Still, Key West and Key Largo – major tourism players – sustained less storm damage than other islands in the chain, said Andy Newman, spokesman for Monroe County’s Florida Keys & Key West tourism promotion.
“Our biggest strength was getting our utilities and the basic infrastructure back as quickly as we did,” Newman said.
A number of properties, including Cheeca Lodge and Hawks Cay Resort, could have reopened sooner. Instead they delayed to execute renovation programs that had nothing to do with Irma but would better position them for future business.
It's been a long recovery. A couple of big resorts on Islamorada have yet to reopen. Still, “we’re in the neighborhood of having 91 to 92 percent of our properties back in action,” Newman said.
Newman, who’s handled Keys public relations for 38 years, recalls the “uphill climb” to restore visitor confidence after Hurricane Andrew devastated Homestead on the mainland, in 1992.
Although Andrew did not hit the Keys, an erroneous network TV report “left the perception the Keys were completely washed away,” Newman said, adding:
“I suspect the folks in northern Florida will be facing the same situation. You had horrible devastation in Mexico Beach and Panama City – and yet Pensacola probably is in pretty good shape.”
Two toxic troubles at the same time
In south Florida, red tide and blue-green algae have been tourism wreckers.
Red tide has lingered for a year, killing or sickening hundreds of sea turtles, manatees and dolphins – even a whale shark washed ashore on Sanibel, nationally known for its bounty of seashells.
Blue-green algae is harmful to humans and wildlife and killed and sickened pets that were exposed to it this year.
More: Algae-exposed? Researchers taking samples from people who've been around toxic blooms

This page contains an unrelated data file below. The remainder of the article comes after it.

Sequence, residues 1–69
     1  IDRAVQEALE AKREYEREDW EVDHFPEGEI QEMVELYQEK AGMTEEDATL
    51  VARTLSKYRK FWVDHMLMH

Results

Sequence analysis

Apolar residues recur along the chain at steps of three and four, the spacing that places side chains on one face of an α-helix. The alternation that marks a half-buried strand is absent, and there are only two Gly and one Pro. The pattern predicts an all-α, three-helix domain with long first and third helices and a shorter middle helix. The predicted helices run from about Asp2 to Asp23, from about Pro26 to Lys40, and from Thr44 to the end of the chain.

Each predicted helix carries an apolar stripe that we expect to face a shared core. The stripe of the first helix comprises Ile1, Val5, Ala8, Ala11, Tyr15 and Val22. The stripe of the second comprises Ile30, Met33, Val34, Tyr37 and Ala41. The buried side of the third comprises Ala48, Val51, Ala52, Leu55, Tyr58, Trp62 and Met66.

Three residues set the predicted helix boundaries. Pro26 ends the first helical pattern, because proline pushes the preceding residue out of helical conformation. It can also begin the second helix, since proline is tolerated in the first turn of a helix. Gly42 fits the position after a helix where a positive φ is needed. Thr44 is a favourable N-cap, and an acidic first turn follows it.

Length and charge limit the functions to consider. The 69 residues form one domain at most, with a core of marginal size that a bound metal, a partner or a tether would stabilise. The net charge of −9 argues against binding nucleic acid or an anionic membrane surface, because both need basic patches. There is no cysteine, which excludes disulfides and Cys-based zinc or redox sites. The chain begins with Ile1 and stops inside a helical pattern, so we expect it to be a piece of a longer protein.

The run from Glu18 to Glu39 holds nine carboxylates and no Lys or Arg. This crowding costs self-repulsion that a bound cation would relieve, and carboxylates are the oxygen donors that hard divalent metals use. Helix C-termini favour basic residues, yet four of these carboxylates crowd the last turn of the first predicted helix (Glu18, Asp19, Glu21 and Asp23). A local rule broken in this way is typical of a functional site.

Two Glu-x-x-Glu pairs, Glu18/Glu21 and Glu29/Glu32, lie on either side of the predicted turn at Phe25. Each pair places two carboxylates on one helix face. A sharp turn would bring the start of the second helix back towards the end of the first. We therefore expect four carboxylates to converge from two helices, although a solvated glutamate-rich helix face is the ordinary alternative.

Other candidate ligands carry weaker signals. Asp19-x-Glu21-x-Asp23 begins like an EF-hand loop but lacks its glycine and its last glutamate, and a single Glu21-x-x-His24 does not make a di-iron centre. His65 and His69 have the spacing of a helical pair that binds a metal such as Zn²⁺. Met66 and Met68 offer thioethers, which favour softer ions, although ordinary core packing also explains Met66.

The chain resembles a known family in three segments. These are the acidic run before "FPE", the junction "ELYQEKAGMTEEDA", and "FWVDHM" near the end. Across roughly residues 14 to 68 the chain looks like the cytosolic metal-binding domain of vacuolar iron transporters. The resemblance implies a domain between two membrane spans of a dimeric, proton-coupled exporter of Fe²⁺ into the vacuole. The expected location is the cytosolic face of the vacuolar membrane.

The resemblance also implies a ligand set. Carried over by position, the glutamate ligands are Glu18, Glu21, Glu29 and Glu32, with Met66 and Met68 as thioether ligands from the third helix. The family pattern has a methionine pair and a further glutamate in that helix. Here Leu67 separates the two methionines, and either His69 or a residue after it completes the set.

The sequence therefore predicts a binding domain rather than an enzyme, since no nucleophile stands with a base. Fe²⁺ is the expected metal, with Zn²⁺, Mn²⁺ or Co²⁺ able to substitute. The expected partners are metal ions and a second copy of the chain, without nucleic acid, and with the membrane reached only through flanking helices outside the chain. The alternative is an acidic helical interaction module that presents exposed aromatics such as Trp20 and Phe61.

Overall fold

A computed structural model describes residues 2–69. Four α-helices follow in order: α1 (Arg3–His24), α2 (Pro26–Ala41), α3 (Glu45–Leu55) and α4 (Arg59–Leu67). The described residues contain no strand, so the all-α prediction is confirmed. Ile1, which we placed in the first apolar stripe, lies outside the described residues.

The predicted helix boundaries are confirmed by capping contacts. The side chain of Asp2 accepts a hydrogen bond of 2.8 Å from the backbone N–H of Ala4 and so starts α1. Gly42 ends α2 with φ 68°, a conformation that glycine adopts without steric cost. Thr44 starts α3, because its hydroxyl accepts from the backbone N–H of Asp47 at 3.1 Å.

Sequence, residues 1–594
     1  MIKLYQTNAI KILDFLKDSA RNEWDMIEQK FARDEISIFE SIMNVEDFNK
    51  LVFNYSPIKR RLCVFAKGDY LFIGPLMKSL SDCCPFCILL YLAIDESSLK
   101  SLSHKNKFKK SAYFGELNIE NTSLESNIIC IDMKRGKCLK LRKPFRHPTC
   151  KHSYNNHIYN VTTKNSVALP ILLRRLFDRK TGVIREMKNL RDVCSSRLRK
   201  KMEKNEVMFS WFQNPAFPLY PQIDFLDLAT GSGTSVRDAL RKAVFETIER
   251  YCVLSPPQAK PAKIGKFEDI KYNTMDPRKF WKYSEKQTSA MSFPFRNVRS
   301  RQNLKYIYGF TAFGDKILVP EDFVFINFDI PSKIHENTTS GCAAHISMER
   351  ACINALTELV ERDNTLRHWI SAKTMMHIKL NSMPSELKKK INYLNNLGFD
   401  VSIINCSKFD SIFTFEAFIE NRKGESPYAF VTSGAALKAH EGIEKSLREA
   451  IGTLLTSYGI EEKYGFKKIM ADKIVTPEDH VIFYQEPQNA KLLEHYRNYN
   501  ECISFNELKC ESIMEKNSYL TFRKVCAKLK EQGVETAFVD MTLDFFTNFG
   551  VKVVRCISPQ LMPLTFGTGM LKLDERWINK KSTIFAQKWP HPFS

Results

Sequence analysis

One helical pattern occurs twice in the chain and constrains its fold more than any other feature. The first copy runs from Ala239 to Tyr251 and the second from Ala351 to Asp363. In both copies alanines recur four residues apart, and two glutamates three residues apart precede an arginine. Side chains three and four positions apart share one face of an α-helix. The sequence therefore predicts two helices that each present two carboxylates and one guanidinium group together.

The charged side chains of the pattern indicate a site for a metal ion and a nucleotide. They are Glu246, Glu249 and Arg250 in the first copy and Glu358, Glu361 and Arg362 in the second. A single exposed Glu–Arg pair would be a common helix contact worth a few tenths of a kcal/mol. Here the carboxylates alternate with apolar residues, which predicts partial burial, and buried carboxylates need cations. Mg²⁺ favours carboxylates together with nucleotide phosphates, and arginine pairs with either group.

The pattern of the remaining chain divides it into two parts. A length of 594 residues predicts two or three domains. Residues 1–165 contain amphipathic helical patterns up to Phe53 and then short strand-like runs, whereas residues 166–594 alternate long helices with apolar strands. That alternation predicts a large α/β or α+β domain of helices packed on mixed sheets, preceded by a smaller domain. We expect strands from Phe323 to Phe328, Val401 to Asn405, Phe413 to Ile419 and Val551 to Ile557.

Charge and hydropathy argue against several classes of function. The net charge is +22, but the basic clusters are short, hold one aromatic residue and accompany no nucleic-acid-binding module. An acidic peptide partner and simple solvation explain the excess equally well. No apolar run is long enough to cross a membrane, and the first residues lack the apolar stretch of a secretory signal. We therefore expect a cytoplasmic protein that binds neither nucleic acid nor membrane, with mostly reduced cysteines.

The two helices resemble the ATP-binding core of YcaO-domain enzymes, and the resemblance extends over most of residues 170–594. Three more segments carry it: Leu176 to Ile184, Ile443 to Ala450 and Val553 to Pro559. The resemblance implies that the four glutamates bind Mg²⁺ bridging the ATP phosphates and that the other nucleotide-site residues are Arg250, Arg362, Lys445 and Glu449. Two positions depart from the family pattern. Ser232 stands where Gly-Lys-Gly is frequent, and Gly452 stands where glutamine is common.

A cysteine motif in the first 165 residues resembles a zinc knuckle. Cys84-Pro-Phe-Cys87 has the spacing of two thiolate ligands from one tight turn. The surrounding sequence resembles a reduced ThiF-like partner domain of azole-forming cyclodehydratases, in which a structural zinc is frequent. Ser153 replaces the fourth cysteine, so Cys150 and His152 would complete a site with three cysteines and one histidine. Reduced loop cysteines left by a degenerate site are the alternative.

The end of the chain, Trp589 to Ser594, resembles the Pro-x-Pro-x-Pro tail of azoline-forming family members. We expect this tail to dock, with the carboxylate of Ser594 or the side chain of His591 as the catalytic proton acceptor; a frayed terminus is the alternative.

More: Hurricane Michael may affect red tide and blue-green algae. Here's how.
The good news: cough-inducing red tide and toxic blue-green algae appear to be finally on the wane.
Convention and visitor bureaus, hotels and others are using their websites and social media channels to update potential visitors on where the coast is clear.
It’s no easy task because red tide moves around according to winds and waves.
Toxic blue-green algae, propelled by freshwater discharges from Lake Okeechobee, has caused misery for counties to the west along the Caloosahatchee River and to the east in the St. Lucie River and Indian River Lagoon.
It's another blot on an area's reputation that gets picked up in news accounts.
That increases the chance tourists will think the problem is more widespread than it is,
“It’s a delicate balance,” said St. Lucie County Tourism Director Charlotte Bireley told the Treasure Coast Newspapers in July, echoing a sentiment mentioned frequently among those involved in Treasure Coast tourism.
“We need to raise awareness at the state level of our water-quality issues. On the other side, we don’t want to create a perception that we’re closed for business,” Bireley said.
More: County sees blue-green algae dissipating, changes cleanup strategy
More: Dead manatees pose big challenge for red tide-choked shorelines, as wildlife agency tries to keep pace
Okiye, the Martin County tourism manager, said lessons learned from recent years of overcoming hurricanes, algae and red tide, Zika, the Pulse nightclub massacre and other things have helped various tourism officials from around the state work more closely with Visit Florida to help them learn when to go back to marketing.
She said Visit Florida is doing a better job of tracking consumer intent after Irma, red tide and algae.
Okiye and Bireley in St. Lucie County agreed that transparency is important so people can make informed decisions and not get into situations where they might be disappointed. Potential visitors can get frequently updated information on conditions from hotels and visitor bureaus and view beach cams.